By DOMINIC SOLARI
In recent years, many countries like the Republic of the Philippines have taken legal recourse in response to the People’s Republic of China’s increasingly assertive actions in the South China Sea. In 2013, the Philippines initiated a case against China in the Permanent Court of Arbitration (PCA), alleging that China had violated its sovereignty by extending control over key parts of the South China Sea. In 2016, the PCA finally reached its verdict, which favored the Philippines.[i] While the facts of the case are certainly important, the manner and effect of arbitration are of more relevance to the present discussion about international maritime law.
The first noteworthy characteristic of the Philippines’ case was the Filipino government’s decision to bring a case against the Chinese at the PCA as opposed to the International Tribunal for the Law of the Sea or the International Court of Justice.[ii] Arbitration in these two bodies would have required the acquiescence of both parties, which China was unwilling to offer. Furthermore, the International Tribunal for the Law of the Sea and the International Court of Justice are permanent bodies which sit in perpetuity.[iii] The PCA, on the other hand, is a broad framework for disputes which creates a panel of adjudicators from a slate of “Members of the Court” on an as-needed basis when cases arise.[iv] Although the latter difference is likely less relevant to the Philippines’ decision to use the PCA than the former, it is a noteworthy trait that distinguishes the PCA, and the PCA’s usage suggests that such a method of as-needed formation of adjudicating panels is still a relevant method of international legal relations.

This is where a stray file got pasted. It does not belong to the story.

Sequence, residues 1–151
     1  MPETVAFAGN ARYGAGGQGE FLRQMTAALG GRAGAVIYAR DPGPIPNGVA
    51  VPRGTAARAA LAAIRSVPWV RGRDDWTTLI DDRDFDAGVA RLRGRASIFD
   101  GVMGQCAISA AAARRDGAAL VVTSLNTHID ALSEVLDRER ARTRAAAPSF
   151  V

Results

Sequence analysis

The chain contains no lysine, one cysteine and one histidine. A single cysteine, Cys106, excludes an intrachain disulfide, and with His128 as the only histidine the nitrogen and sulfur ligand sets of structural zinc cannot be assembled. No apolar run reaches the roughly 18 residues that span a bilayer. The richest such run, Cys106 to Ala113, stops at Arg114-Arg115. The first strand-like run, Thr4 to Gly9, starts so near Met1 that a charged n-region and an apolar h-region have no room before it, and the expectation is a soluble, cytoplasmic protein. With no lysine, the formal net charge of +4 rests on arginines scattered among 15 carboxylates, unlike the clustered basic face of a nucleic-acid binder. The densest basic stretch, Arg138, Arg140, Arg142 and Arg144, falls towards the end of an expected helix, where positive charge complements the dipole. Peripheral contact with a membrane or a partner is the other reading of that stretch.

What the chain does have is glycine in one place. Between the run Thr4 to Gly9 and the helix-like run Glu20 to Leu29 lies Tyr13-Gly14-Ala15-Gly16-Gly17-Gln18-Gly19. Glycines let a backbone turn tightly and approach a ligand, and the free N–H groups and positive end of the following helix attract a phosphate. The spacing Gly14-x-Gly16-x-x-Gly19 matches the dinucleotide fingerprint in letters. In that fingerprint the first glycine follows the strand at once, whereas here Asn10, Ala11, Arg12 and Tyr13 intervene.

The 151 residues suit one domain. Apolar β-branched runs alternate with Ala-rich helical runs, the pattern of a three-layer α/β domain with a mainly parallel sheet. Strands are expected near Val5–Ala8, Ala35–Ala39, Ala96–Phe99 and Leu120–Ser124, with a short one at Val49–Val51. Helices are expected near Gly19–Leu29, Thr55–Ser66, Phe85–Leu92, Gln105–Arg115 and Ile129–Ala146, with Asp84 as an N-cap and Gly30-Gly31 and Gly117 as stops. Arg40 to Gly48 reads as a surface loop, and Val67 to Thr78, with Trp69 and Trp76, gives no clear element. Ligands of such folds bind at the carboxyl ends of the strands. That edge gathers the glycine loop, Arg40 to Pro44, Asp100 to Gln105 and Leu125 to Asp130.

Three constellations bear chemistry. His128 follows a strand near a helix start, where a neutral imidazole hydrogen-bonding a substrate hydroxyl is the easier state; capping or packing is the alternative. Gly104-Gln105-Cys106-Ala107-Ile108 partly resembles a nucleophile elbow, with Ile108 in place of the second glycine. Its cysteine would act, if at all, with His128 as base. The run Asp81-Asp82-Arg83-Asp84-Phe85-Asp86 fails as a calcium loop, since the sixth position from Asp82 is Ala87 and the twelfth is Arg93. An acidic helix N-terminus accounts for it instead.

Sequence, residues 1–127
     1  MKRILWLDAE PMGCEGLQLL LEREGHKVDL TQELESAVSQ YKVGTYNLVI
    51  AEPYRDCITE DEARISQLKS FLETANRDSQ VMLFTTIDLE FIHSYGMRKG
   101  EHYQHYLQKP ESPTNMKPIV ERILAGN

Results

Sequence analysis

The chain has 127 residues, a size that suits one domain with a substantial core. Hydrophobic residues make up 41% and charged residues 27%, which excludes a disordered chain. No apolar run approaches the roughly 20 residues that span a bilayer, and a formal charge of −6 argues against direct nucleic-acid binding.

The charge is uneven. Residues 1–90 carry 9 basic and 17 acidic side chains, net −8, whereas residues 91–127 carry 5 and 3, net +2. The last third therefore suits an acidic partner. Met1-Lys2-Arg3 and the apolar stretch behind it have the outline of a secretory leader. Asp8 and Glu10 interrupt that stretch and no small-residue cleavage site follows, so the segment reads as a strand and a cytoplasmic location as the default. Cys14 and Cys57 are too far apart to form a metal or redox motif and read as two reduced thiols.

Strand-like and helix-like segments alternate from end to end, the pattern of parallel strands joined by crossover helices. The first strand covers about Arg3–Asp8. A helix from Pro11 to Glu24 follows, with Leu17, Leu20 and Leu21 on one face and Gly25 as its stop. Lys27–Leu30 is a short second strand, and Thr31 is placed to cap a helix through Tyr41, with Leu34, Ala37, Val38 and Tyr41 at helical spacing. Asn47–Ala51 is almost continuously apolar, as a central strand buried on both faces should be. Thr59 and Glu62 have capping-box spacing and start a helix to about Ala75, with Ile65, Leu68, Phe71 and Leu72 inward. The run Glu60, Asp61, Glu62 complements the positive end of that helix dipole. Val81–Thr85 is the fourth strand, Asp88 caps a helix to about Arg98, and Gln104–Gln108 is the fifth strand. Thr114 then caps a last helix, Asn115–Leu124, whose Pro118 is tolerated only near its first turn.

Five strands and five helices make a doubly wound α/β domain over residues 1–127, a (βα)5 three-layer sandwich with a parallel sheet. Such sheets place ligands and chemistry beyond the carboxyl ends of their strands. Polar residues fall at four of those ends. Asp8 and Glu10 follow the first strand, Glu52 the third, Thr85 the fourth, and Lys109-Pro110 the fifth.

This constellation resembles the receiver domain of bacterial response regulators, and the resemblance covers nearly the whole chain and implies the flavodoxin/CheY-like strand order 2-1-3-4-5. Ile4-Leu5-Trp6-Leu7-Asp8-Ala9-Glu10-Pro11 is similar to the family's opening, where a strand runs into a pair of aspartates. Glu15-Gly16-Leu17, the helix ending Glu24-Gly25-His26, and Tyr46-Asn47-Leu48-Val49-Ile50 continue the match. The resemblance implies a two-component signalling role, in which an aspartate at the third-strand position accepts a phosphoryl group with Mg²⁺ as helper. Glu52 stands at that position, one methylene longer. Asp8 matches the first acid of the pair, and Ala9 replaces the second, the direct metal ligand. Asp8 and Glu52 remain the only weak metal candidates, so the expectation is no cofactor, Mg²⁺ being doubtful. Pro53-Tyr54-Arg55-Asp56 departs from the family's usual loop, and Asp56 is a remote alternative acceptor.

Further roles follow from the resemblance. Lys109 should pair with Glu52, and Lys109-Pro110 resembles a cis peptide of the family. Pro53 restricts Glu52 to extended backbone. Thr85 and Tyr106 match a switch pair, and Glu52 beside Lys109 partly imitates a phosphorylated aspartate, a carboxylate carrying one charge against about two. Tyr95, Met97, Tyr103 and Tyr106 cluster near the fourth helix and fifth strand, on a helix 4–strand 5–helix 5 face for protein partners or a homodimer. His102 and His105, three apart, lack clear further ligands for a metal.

Moreover, considering the downsides of the PCA, participants in the organization and even signatories of the original convention which formed it are not bound to abide by the body’s authority structure as the panels are formed on an as-needed basis. China’s response to the 2016 PCA ruling, which favored the Philippines, is a strong example of the PCA’s lacking efficacy. China has acceded to both the 1899 founding convention of the PCA and the 1907 founding convention.[v] However, in so doing it did not bind itself to the body’s authority, partially because there was no specific body or panel per se to acquiesce to at the time. Such is the fickle nature of international adjudication; it requires the consent of both parties to be considered legitimate.